• firstname.lastname@example.org (for enquiries about courses for
individuals or organisations)
• email@example.com (for general enquiries or support)
Upcoming Events & Training
Mental Health First Aid England (MHFA) certified courses:
Our next available course starts on Monday, 12th October. This is a mix of self-led online learning at your own pace and live, instructor-led online learning sessions spread over a two week period. £185 per person. Please email for firstname.lastname@example.org for more details.
• Wednesday 30 September, 10am-12noon, via Zoom. £55 per person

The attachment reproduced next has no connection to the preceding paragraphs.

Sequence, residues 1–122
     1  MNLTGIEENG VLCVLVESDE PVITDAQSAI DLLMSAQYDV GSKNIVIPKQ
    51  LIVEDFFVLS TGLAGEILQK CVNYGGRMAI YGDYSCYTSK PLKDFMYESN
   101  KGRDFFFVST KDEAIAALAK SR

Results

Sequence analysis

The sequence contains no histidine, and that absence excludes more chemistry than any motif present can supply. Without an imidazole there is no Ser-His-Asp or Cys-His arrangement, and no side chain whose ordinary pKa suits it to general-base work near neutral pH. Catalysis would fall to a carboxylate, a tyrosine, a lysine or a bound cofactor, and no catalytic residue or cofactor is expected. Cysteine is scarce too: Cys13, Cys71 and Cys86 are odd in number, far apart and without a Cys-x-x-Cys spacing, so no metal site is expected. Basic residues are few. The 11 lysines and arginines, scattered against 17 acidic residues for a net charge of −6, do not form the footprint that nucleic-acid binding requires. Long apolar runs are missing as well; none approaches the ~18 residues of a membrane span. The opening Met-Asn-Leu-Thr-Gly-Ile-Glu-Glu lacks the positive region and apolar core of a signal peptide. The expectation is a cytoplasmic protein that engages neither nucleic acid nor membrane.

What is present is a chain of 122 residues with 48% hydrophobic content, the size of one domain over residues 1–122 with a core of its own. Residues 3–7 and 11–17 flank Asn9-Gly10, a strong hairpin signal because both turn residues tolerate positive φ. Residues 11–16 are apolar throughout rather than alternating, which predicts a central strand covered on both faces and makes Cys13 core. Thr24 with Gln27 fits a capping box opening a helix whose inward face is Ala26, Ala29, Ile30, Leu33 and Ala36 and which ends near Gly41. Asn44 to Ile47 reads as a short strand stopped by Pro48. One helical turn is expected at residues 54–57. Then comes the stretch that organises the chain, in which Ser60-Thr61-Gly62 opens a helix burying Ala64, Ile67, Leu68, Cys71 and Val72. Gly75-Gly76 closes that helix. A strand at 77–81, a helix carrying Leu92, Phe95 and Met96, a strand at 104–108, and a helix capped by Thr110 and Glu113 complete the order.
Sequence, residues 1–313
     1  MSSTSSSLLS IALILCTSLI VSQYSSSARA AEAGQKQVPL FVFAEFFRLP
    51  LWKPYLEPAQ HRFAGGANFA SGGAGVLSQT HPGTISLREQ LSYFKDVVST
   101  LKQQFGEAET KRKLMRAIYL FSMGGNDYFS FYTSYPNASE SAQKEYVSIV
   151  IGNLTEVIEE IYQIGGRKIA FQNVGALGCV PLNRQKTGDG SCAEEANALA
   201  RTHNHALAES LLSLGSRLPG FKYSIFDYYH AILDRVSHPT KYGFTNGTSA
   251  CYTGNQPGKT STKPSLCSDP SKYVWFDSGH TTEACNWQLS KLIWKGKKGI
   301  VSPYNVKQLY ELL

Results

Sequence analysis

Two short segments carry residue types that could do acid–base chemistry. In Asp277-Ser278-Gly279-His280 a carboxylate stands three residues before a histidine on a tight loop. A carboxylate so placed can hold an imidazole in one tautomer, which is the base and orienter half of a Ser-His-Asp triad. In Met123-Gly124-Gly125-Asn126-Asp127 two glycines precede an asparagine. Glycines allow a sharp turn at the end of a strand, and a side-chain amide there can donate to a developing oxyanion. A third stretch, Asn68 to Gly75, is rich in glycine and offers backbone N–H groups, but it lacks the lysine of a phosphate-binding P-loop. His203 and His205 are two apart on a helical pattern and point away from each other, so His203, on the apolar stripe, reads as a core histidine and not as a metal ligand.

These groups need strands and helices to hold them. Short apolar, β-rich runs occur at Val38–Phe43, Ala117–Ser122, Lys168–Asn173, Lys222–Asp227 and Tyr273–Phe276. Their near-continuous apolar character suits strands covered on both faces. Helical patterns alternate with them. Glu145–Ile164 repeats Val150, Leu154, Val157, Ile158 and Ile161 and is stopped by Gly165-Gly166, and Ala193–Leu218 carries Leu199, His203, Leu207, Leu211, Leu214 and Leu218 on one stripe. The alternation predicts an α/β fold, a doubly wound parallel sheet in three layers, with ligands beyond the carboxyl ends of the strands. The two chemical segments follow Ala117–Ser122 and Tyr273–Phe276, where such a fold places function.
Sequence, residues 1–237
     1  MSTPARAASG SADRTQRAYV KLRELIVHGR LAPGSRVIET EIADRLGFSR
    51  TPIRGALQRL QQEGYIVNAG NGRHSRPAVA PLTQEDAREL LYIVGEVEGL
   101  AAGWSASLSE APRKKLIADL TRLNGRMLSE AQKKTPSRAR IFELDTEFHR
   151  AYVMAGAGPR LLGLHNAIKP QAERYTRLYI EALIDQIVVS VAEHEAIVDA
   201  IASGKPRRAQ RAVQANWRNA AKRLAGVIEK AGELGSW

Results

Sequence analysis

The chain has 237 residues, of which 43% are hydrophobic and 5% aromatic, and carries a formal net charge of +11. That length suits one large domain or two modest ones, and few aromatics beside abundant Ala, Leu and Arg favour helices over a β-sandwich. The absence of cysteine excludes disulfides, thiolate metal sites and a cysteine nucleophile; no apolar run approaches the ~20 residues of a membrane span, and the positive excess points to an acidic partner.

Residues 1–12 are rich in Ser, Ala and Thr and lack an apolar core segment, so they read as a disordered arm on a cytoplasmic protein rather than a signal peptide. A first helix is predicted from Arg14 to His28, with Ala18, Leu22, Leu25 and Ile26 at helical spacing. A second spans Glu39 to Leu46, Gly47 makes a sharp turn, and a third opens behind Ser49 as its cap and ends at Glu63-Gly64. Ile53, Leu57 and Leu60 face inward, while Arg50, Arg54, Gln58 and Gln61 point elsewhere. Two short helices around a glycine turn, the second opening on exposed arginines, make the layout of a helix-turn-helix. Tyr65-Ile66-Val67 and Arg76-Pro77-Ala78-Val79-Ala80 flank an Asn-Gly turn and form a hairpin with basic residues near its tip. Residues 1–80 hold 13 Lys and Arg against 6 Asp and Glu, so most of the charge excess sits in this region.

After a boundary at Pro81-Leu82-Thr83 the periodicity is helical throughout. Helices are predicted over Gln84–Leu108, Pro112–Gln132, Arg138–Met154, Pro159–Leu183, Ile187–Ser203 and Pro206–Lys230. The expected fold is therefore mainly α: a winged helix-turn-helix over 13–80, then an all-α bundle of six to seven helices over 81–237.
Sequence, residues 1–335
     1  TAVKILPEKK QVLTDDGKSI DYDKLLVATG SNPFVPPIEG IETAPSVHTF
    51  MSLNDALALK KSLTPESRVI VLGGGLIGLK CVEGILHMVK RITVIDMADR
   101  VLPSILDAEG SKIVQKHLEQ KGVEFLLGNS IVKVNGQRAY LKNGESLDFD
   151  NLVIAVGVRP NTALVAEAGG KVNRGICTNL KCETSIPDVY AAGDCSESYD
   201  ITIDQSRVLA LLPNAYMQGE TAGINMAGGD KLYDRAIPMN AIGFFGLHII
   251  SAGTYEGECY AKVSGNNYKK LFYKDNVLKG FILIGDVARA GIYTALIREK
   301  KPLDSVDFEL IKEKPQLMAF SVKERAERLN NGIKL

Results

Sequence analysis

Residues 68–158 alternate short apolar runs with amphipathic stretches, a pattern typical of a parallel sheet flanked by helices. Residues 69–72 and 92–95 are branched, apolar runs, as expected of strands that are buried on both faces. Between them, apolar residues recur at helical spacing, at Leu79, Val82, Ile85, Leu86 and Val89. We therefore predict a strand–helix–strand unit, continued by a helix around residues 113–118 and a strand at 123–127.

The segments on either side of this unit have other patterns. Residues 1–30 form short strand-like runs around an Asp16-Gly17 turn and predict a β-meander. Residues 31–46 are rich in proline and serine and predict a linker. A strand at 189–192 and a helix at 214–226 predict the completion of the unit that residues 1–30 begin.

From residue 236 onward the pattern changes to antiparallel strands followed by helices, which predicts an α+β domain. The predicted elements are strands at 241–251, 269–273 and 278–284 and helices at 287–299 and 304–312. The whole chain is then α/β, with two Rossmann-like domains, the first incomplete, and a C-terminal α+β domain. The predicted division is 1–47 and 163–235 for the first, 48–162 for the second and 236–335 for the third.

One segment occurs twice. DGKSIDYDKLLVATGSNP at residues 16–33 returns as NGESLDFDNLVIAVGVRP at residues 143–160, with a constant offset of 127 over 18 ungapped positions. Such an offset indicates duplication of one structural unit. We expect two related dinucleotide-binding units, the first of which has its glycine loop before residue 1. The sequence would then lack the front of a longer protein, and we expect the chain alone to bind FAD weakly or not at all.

Understanding Stress & Anxiety
• Thursday, 8th October 10-11.30am via Zoom. £40 per person
• Thursday, 15th October 10-11am via Zoom. £35 per person
Children and Young Person’s Suicide Awareness and Prevention Workshops.
West Kent Mind are pleased to have been awarded funding to provide half-day Children and Young People Suicide Awareness and Prevention workshops. We will be offering this valuable training to hundreds of people across Kent and Medway.
The workshops are suitable for anyone interested in the mental health and well being of children and young people. This includes people who work or volunteer with children and young people, as well as individuals who want to learn more about how to support children and young people.
We will be running 17 sessions between September and December, please email us if you would be interested in attending.